"... It's vital that you're on the same page with regards to what goals you have and how your income is working toward those goals," Trent Hamm writes for The Simple Dollar. If you're not working on the same goals, then you're going to be literally working against each other in terms of your use of money and time, which will hold you both back from what you want to achieve."

"The best approach is to sit down together and figure out goals that you share, then figure out a plan to work toward those goals," Hamm adds. "It might not be an easy process. You might not even know for sure what goals are most important to you. That's also going to be part of the conversation."

5. Address any pet peeves that arise in an effort to avoid arguments.

Reader's Digest interviewed newlywed couples to learn what tidbits of advice they'd share with those who are about to embark upon the same journey. Sam and Kelly, a couple from New York City, told the magazine that, because they hadn't lived together prior to marriage, they needed to address the matter of "pet peeves" soon after saying "I do." 

"Seeing gobs of his toothpaste in the sink made my blood boil," Kelly admits. "Why does she eat most of her Greek yogurt but put the cup and spoon back in the fridge?" says Sam. 

"Finally I confronted him about the toothpaste by rubbing that gob on his nose one morning. We both broke out in hysterics," Kelly tells Reader's Digest. "I kissed it off and told him I could no longer deal with a sloppy bathroom." 

As Reader's Digest writes: She says that's when they ended up having a boozy brunch in Brooklyn and making a list of all the silly stuff that bugged them: "the pantyhose and thongs jungle" drying in the bathroom, clipping his toenails in bed and making a (cringe) little pile ... and the list went on. "Talking about things we always did in private made us realize we are a unit now," says Kelly.

Instead of allowing these issues to mount, the couple spoke to one another openly and honestly so they could come to a mutually agreeable solution, which inevitably brought them closer together.

6. Determine whether you want to have children and how you'll raise them.

While many couples discuss the prospect of children prior to tying the knot, such major life decisions often get pushed to the back burner as the couple prepares for their impending nuptials. Thus, if you haven't talked about whether you want children or not, how many you'd like to have, and when you'd like to have them, it's best to tackle this topic during the early stages of your marriage to ensure your expectations are aligned.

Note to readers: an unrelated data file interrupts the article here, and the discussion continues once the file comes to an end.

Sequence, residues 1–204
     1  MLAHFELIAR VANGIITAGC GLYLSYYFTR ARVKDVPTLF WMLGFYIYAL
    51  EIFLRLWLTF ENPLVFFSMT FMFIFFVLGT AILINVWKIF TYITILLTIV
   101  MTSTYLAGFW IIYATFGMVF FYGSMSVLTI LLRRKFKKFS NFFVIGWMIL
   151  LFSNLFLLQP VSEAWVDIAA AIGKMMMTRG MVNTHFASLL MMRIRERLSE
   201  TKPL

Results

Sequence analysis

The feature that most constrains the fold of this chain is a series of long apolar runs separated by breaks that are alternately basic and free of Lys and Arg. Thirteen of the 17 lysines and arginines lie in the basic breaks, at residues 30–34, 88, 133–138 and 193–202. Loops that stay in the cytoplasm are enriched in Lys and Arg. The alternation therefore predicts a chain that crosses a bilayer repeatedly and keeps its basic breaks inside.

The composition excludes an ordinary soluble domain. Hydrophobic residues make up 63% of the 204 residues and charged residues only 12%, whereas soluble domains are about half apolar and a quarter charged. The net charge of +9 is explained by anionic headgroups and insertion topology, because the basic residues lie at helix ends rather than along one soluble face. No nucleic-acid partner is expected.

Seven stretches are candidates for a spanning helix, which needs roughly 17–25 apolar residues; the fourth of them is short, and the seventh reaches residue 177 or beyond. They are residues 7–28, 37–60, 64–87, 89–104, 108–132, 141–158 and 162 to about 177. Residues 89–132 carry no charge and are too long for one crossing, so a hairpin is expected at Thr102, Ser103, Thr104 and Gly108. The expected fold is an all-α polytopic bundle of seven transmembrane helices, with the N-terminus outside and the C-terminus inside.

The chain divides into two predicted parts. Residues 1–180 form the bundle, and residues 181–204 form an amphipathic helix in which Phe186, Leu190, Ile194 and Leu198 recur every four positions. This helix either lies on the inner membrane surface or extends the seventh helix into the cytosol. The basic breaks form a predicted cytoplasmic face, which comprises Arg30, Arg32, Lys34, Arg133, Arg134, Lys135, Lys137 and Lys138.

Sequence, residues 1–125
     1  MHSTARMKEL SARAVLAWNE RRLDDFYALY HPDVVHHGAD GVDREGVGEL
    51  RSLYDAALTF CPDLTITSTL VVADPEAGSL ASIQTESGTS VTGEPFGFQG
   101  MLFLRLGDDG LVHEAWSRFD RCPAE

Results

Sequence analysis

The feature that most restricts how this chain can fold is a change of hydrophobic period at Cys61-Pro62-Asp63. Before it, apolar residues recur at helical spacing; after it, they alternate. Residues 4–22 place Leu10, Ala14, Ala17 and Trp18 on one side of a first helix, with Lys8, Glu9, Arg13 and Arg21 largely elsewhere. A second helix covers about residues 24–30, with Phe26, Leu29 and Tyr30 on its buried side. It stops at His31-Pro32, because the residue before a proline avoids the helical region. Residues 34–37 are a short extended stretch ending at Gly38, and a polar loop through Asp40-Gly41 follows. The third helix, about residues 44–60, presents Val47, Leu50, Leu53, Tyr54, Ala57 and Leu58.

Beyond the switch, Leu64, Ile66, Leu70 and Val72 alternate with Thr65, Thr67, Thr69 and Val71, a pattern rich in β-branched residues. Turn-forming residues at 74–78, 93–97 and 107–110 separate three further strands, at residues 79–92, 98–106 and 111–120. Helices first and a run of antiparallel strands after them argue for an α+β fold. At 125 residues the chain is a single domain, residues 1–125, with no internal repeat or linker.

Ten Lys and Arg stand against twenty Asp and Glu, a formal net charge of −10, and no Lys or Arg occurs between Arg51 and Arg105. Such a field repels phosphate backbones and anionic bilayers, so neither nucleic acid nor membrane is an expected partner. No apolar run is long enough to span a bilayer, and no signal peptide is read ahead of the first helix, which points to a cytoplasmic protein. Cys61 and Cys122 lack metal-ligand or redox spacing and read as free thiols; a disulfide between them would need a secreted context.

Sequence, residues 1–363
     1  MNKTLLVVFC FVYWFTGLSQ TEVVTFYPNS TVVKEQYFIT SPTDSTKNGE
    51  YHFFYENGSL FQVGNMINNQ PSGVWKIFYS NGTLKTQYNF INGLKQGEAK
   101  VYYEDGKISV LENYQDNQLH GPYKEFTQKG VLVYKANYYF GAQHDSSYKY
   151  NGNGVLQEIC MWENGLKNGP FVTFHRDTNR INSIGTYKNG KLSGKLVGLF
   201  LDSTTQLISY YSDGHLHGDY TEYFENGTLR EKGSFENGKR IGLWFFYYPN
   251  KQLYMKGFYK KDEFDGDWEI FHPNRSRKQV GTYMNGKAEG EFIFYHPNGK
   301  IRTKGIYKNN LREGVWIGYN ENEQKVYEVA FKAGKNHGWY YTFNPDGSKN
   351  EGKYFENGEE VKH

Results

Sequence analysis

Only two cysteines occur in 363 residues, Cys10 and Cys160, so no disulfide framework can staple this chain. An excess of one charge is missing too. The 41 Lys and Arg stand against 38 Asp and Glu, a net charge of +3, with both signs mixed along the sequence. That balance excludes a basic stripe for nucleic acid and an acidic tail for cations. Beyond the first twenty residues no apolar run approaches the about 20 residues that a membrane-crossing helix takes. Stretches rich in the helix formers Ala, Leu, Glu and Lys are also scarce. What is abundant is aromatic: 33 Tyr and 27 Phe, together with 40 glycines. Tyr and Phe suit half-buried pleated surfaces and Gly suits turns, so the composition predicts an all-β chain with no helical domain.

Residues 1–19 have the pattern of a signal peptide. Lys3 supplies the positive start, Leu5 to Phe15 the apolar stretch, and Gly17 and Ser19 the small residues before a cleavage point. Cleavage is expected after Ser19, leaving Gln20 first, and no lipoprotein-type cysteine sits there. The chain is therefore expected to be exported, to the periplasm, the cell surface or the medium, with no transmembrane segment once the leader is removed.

"Do you want children? Does he? When? Settling this now, even if you're unsure about whether or not you want to be a parent, will prevent trouble later on," writes Everyday Health. "It's tough enough to focus on your marriage when a couple can agree on the planning and execution of this very important part of life. But if there are issues regarding children that go unresolved, you run the risk of putting your marriage in jeopardy before your future together even begins.  If you are certain, tell him. If you're not, tell him. Consider each other very carefully. Also keep in mind that sometimes even the greatest plans fall apart. Planning doesn't necessarily mean that you'll have children when you want them–or at all."

If you both wish to have children, you'll also want to determine how you'll raise them. From religious affiliations to educational opportunities, there are many factors at play that you will both need to agree upon to reduce friction when the time comes.

7. Follow your grandparents' example and never go to bed angry.

Older couples always advise newlyweds to put their qualms to rest before getting some sleep themselves. And they're right. At the end of the day, no matter how frivolous or serious your disagreement might've been, young couples must uphold the notion that nothing good can come from going to bed angry.

"This might sound cliche, but its not," Rent.com writes via Forbes. "Couples living together often allow their emotions to get the best of them because they feel comfortable in their mutual home. However, it's best to maintain some sense of level-headedness around your partner. If you two have an argument, make sure you make up (or at least agree to disagree) before bed. If the dispute hasn't been settled, agree to tackle it in the morning--you'll likely have forgotten why you were even angry in the first place."

In the same vein, always kiss your S.O. goodbye before you leave for work in the morning. Even if you two aren't speaking quite yet. Don't let your pride get the best of you, for you'll ultimately regret your actions (or lack thereof) if circumstances were to intervene and rob you of your favorite verbal sparring partner for good.

Cover image via William Stitt on Unsplash